Even beyond the repercussions of being a conscientious objector in a country set on war, Lax’s unwavering resolve did not result in an easy life. Lost jobs, career confusion, and internal dissonance all took their toll; he experienced his own dark night of the soul. Despite this—or more likely, because of this—the “total love” that had led him into this bleak valley also attended his sojourn there and began to lift him out. He gave himself to serving the poor of Harlem throughout much of 1942 and into 1943. Shortly thereafter, Lax found further consolation and joy in his baptism into the Catholic Church. He wrote to his father that “joining the Church was the best way for me to be a good Jew.”
McGregor makes a fascinating and compelling distinction about the uncommon life that Lax would eventually pursue. “Although Lax has often been called a hermit, a solitary might be a more accurate term.” A solitary life allows for the contemplative’s need of solitude as well as for remaining in touch with people.
In his essay “Notes for a Philosophy of Solitude,” Merton makes a persuasive case for what he calls a solitary life. Lax departed in 1961 for Greece, where he found the uncommon life to which he had long been called. McGregor writes, “[Lax] was already spending much of his time alone, but his aloneness has a sadness to it; Merton was describing a solitary existence filled with peace and joy.” Lax would spend time on Lesbos, on Kos, on Kalymnos, and elsewhere, but his eventual home would be Patmos, final destination for St. John the Divine.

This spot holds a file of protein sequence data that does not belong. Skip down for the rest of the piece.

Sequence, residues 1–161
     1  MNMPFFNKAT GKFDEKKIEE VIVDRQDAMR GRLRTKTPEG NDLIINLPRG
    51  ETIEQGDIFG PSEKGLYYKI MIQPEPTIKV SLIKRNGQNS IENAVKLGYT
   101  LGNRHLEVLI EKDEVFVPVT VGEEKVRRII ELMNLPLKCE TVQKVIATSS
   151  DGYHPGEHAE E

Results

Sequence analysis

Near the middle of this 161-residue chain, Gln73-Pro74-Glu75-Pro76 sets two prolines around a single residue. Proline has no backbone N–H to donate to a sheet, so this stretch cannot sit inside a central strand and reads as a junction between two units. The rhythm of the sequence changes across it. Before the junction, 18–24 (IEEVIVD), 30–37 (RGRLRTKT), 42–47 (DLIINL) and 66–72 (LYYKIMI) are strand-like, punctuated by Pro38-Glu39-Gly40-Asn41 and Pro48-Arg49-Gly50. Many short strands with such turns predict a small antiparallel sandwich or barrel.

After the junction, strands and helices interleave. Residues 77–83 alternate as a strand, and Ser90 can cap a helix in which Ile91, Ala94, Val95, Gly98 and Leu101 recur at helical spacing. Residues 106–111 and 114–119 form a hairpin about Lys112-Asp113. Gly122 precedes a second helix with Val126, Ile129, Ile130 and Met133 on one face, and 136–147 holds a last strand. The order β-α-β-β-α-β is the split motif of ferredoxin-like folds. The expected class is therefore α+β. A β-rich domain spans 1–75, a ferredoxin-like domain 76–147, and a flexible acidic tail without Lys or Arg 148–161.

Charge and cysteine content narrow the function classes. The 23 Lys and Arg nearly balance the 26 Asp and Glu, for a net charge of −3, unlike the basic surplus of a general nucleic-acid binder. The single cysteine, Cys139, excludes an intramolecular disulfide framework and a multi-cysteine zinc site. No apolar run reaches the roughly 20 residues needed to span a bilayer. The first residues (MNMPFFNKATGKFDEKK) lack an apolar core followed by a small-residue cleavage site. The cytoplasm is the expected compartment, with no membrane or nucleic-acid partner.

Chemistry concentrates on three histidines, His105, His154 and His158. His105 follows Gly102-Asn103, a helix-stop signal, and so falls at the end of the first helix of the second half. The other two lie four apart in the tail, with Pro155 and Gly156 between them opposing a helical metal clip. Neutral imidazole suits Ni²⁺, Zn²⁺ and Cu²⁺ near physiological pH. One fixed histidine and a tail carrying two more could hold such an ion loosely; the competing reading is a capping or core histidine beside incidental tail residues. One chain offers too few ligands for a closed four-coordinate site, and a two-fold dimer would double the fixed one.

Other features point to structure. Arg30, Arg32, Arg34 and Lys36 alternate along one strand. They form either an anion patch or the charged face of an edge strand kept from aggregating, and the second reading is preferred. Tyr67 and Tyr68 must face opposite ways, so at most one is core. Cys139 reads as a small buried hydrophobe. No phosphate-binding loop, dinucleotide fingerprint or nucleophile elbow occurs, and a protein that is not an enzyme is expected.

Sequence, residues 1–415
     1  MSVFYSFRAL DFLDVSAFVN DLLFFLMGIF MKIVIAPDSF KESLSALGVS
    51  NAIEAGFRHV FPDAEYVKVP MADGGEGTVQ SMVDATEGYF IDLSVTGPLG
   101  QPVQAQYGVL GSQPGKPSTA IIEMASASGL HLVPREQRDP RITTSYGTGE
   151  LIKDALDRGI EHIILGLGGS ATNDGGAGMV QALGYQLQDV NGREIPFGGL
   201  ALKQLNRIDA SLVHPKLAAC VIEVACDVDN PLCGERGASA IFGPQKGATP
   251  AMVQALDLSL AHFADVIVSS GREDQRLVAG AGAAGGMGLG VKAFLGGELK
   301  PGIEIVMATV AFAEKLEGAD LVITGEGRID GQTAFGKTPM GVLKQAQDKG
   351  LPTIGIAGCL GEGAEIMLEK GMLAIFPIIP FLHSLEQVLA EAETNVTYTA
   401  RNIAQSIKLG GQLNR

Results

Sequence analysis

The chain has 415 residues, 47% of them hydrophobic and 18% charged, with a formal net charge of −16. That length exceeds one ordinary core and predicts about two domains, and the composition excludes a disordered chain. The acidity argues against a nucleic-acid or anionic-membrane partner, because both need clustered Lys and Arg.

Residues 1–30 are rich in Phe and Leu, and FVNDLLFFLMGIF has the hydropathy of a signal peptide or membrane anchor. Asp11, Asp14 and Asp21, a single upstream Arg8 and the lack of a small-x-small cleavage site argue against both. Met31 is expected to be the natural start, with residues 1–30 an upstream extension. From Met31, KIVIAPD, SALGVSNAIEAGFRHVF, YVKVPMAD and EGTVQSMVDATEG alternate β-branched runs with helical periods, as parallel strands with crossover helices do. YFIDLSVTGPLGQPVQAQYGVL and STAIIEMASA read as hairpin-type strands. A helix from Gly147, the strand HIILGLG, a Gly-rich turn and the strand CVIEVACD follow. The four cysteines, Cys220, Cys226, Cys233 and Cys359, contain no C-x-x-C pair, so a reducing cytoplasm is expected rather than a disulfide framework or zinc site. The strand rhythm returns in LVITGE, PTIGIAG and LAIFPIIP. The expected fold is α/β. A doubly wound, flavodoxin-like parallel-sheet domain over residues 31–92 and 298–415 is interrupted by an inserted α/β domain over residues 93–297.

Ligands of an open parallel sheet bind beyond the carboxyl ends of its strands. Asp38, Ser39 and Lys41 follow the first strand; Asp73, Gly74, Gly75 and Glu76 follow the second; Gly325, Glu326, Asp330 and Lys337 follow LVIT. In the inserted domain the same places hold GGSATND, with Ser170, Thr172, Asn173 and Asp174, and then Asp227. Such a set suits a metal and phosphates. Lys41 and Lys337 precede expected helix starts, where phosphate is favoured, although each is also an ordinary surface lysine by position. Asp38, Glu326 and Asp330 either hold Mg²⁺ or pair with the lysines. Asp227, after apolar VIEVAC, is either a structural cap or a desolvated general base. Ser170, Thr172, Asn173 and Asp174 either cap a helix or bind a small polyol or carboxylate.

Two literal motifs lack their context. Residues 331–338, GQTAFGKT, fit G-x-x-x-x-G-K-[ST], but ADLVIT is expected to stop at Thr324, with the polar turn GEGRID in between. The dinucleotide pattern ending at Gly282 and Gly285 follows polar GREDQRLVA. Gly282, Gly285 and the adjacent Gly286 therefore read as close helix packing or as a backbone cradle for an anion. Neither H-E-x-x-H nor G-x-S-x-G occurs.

As I read of Lax’s life in Greece—and what I would call his compassionate disinterest—I am reminded especially of St. Isaac the Syrian, who wrote:
Suffer with the sick.
Be afflicted with sinners.
Exult with those who repent.
Be the friend of all, but in your spirit remain alone.
Be a partaker of the sufferings of all, but keep your body distant from all.
I genuinely love St. Isaac. I have pored over his words many times, but I have sometimes been puzzled by such gestures as “in your spirit remain alone” and “keep your body distant from all.” They seem to contradict the compassion that is so vividly at the heart of St. Isaac’s ascetical homilies. McGregor’s careful presentation of Lax’s uncommon life has helped me to understand this puzzle.
Even today some are called to an ascetic journey. I am reminded of the fathers of Mount Athos, who appear to be cut off from us but who spend their lives praying for us. I am reminded of Orthodox monastics worldwide, whose tradition promotes nepsis: watchfulness, the guarding of the heart. This is a practice of circumspection coupled with introspection, which enables the ascetic to protect his interior life from the distractions of happenstance. With examples such as Lax, one might find the practice to be efficacious for any who would follow the admonitions of the scriptures and attain to a measure of holiness—even now, even here.
Pure Act is an homage, a love letter, an apologia for a curious poetics, and a well-considered story about an uncommon man and his very uncommon life. For us, it may prove something of a wake-up call as well.